Magnolia make fantastic ornamental garden trees/shrubs and are prized for their large tulip or star shaped flowers that come in shades of white, pink, purple and even yellow. The flowering season ranges from early spring to late summer and whilst many Magnolia trees are deciduous, we also offer some evergreen and semi-evergreen varieties that make great screening trees.
We offer over 20 varieties of wonderful flowering Magnolia, from small shrubs to large trees. Whilst Magnolia trees look fantastic in a border, they can also be grown in pots, making fantastic patio features. Evergreen Magnolia, such as Magnolia grandiflora, are popular for being trained against walls. A sheltered position will suit Magnolia trees and whilst full sun will give the best flowering, partial shade is often tolerated.
Magnolia is a large, ancient genus with fossilised specimens dating back over 20 million years ago. The genus is named after Pierre Magnol, a 17th Century French botanist. Magnolia plants existed before bees, meaning that the flowers had to evolve to encourage pollination by beetles. The carpels of the flowers have had to adapt to become strong enough to withstand pollination by beetles. As time went on, they later evolved to allow pollination by bees. Although magnolia tree flowers do not produce nectar they do produce pollen. Their flowers also emit a sugary scent which attracts bees and other pollinators.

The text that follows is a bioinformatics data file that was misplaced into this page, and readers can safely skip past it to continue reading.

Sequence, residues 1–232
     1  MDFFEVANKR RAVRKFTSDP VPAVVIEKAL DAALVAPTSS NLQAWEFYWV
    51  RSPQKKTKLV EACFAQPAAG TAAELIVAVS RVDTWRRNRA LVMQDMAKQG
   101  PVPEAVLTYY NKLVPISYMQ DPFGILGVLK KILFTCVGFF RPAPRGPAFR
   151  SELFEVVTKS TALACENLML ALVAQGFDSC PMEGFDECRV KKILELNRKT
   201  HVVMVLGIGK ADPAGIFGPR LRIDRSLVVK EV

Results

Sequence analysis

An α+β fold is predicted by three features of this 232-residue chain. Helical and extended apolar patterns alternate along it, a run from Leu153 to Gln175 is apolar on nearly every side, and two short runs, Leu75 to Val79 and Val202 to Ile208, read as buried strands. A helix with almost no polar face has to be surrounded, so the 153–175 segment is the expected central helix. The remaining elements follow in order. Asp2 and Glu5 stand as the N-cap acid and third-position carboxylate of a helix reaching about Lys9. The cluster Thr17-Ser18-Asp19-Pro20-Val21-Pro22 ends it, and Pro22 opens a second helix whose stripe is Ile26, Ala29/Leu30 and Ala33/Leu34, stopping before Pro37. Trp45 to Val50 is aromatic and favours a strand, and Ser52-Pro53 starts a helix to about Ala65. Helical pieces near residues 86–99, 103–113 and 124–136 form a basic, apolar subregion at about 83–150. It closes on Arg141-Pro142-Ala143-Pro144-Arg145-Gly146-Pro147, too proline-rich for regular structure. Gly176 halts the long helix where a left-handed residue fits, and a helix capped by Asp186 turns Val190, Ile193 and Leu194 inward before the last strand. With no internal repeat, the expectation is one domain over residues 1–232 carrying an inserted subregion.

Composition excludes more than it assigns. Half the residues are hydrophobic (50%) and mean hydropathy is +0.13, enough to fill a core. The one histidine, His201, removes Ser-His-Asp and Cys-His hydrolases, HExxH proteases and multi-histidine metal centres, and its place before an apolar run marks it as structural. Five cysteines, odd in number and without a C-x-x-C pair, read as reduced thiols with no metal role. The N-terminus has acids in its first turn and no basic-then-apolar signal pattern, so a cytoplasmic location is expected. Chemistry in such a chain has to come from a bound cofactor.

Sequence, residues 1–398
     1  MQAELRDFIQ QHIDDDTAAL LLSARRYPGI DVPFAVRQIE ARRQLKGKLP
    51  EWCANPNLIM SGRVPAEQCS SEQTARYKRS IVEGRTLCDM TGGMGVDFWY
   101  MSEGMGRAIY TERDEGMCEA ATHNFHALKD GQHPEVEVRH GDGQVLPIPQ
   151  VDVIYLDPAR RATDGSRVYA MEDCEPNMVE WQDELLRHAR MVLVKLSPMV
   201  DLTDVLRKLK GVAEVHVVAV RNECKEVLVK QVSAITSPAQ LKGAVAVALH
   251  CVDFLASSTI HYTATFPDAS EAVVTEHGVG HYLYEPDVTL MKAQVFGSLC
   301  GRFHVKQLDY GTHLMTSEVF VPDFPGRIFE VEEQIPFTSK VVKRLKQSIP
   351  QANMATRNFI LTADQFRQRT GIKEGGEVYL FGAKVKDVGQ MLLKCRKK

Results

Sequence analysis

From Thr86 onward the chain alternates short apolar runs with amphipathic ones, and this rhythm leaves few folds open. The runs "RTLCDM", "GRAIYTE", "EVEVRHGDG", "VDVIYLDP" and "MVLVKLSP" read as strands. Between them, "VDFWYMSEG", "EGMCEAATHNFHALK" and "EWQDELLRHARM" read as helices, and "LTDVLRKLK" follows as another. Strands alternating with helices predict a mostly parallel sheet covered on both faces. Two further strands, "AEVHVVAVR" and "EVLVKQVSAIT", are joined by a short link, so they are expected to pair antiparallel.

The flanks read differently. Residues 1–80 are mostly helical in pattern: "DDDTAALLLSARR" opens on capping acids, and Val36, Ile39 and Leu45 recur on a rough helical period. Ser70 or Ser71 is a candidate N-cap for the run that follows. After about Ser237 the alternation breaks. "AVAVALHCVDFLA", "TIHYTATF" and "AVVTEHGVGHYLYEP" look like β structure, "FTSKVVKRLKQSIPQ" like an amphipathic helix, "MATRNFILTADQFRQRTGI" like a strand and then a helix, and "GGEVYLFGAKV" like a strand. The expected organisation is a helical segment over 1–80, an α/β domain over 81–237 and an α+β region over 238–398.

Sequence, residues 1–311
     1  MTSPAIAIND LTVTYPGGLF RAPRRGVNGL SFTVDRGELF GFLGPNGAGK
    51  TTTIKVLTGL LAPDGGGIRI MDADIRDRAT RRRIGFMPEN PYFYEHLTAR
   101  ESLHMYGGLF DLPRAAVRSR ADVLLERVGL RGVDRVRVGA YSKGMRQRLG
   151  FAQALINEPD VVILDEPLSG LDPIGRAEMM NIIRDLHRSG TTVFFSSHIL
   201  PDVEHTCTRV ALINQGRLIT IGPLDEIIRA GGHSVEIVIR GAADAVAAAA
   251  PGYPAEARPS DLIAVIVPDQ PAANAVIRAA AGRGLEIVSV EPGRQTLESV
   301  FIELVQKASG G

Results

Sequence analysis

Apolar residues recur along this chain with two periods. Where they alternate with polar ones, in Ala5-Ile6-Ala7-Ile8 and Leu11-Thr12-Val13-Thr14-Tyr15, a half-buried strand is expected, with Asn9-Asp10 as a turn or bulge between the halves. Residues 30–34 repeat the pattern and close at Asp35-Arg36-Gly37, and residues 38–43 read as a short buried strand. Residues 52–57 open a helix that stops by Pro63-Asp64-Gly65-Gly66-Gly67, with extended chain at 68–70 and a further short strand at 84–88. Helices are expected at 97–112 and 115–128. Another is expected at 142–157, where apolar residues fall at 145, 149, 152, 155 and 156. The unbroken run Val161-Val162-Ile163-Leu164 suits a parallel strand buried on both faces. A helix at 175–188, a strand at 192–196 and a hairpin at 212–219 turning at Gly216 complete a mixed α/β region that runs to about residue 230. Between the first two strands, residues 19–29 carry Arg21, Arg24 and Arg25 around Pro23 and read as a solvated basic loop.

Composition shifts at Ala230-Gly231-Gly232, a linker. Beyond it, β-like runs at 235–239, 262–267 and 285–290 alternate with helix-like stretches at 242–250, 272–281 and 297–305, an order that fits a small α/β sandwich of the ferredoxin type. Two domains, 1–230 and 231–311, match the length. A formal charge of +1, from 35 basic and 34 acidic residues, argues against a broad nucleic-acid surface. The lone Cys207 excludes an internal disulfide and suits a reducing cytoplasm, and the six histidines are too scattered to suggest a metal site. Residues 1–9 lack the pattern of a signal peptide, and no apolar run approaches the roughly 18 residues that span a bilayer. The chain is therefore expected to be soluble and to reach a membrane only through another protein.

The Magnolia tree has played a large part in culture throughout the US and Asia. Magnolia tree grandiflora is the state flower of Louisiana and Mississippi. It is so prevalent in Mississippi that it has been nicknamed The Magnolia State. Siebold's Magnolia tree is the national flower of North Korea. They have also been the source of inspiration for Hollywood movies, such as Magnolia and Steel Magnolia.